In Area A, the original depositional spot, where the skull and the bags were found, Schultz and the searchers also found the arms and the hand bones and the lower legs, and the left foot
In Area B – the closest search spot to Area A, the searchers found the shaft to the upper arm bone, the humerus.
Area F – the largest area, South East of Area A. Schultz testifies that he concludes that the trunk and the lower legs, along with the pelvis, still all together in one piece. was dragged to this area, because this is where they find these bones, along with some other, smaller bones. There was carnivore damage on multiple bones in this area.
In Area D, only one bone was recovered, the one bone found of the right foot. And in Area E, only one hand bone was found.
BY the time the searchers were in Area G, they had already found most of the spinal column, with all of the vertebrae attached. Some of the bottom of the spinal column and lower vertebrae were found here in Area G. This again, is consistent with carnivore activity and the lower spinal column with pelvis attached being dragged to this area.
In Area H is where they started seeing ribs that were dis-articulated.
Up until Area H they had not seen most of the spine. There are 24 vertebrae in the spine, they found 20 of those vertebrae in Area I. This would be consistent with the trunk being dragged through the woods, the bones that are not held on with as many potential ligaments being deposited first, then the spinal column, which is held together with more ligaments, being able to be dragged further away in one piece. There would have had to have been soft ligament and tissue holding the bones together.
Based on this dispersal pattern, Schultz opines that when the body was initially deposited in Area A, it was a complete unit – at least the trunk, lower limbs and spine were a complete unit. The body was not dismembered and then dropped at Area A – the separation that occurred was due to natural decomposition and animal activity.
When trying to determine how long the bones had been at the site and how they were disbursed, the one bone that figured into Schultz’s conclusion was the hip bone – the one that had been found partially buried in the muck. This area was a “swampy” area, and when the area was flooded and filled with water, the underwater silt resulted in the burial of this bone – this flooding of the area happened in the late summer. Many of the bones were also covered by a layer leaf, so the bones would have had to have been there before this leaf falling occurred.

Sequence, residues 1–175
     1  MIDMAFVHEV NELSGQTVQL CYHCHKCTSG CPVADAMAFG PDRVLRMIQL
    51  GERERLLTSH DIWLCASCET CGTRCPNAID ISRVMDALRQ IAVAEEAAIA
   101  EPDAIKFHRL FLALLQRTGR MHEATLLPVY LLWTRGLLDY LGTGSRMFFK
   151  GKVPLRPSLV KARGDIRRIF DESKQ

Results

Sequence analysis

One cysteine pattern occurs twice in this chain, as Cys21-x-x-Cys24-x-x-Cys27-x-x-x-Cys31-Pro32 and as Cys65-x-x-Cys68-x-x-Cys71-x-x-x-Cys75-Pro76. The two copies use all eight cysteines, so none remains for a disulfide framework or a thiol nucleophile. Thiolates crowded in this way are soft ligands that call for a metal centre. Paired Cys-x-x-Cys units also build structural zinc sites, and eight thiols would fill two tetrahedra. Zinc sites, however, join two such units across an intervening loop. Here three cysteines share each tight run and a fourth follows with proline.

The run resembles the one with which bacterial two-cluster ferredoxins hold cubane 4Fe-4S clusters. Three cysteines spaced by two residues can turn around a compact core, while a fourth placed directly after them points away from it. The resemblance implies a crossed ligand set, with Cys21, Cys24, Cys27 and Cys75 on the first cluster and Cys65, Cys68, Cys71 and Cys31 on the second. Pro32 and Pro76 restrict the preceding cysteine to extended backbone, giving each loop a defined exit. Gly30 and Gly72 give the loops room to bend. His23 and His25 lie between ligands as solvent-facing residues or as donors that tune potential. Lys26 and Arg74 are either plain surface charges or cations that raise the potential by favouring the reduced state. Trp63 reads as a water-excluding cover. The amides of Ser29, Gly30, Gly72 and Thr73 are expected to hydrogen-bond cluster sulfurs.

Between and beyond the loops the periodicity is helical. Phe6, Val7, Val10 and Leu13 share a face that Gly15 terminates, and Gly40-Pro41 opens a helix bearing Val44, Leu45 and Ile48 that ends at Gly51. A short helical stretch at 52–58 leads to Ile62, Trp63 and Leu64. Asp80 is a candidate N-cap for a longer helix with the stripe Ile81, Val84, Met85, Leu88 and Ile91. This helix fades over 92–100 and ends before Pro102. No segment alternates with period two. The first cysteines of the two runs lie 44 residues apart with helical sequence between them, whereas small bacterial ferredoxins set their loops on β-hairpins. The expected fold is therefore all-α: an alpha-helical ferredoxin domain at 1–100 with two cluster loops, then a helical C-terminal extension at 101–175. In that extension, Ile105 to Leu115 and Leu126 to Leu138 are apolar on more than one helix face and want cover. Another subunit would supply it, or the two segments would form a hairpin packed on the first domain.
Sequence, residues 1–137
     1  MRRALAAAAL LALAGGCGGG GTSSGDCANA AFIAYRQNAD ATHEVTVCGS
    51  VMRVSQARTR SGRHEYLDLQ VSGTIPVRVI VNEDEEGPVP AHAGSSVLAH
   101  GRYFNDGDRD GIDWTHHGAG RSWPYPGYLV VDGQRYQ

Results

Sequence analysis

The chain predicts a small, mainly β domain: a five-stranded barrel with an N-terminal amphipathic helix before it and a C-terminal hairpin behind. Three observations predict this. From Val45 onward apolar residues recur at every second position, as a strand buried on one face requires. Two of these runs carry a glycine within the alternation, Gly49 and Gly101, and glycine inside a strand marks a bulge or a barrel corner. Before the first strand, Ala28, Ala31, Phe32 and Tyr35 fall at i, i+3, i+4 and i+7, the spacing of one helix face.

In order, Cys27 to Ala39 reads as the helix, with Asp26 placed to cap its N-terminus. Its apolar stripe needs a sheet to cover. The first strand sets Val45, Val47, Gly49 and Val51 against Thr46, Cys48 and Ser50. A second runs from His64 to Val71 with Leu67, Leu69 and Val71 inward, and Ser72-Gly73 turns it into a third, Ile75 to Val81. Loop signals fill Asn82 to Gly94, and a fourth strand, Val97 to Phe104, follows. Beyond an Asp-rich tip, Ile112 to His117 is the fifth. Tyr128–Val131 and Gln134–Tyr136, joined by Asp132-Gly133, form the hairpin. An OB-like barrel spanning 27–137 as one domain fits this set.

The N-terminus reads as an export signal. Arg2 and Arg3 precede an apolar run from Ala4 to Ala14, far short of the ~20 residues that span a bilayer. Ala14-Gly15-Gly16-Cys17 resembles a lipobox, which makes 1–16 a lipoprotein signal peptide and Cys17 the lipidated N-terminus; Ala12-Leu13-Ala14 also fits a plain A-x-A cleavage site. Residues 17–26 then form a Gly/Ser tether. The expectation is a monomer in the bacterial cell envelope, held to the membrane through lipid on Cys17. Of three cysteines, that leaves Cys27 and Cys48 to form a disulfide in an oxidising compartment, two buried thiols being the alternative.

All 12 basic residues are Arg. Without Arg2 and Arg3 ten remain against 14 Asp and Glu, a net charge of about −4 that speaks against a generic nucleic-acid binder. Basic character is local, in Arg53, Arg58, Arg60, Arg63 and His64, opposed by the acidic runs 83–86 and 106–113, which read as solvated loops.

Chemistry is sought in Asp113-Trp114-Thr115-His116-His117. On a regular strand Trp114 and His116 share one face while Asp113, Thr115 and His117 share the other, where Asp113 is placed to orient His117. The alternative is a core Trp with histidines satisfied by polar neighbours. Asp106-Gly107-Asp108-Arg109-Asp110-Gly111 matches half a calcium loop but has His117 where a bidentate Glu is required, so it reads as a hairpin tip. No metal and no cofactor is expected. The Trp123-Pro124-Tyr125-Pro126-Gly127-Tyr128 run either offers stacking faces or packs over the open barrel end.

The bones were dry and completely devoid of marrow. There was no tissue. There was no decompositional odor. The combination of this and the root evidence, Schultz says that in his opinion the bones were in this area for approximately 6 months.
Cross by Cheney Mason. Mason asks if as an anthropological expert if he not only locates bones, but also examines the bones himself. The witness says he does. The witness says the bones were x-rayed. And the witness found no evidence of ante-mortem trauma. No evidence of fractures or twists or torquing or breaking. (Which I still think is a stupid question. Does Mason want the jury to believe that since her mother never broke her arm while she was alive, she couldn’t have killed her?)
The witness testifies that Area A was about 25 feet from the pavement of Suburban Drive. But this witness didn’t do the mapping.
Mason asks if the witness can tell when all these disbursal of bones took place. The witness says not with any scientific certainty, no. Mason also asks if this witness can tell how the child died, and the witness says that this is not a question he would answer.
The witness says that he looked at the duct tape, but didn’t analyze it, and that the duct tape was not covering the nasal apertures.
Re-Direct – The witness explains what the nasal apertures are – the holes in the nose. The tape was covering the mouth area, The nose was not present, and this witness doesn’t know if the tape would have been covering the nose, had it been there, or not.
The witness is excused.
Next up – Dr. G, Medical Examiner, from the Discovery Channel show of the same name. Formal name Dr. Jan Garavaglia. She is the chief medical examiner for (District 9) Orange and Osceola county, where she’s been since 2004. She also worked as a Medical Examiner in some form or another, in San Antonio Texas, Atlanta, Jacksonville, and she trained in Miami.
And, you know, she has her own show. What more testimony do you need in order to judge her credibility? I mean, she’s obviously just as credible as Dr. Phil or Dr. Oz – only she hasn’t worked with Oprah – yet.
On the 11th of December she learned that skeletal remains had been found- possibly those of Caylee Anthony’s. She was just leaving on a trip and was late for the airport. She contacted Dr. Utz and told him to handle this until she returned the next day – and she told him to make sure and call Dr. Schultz – the forensic anthropologist.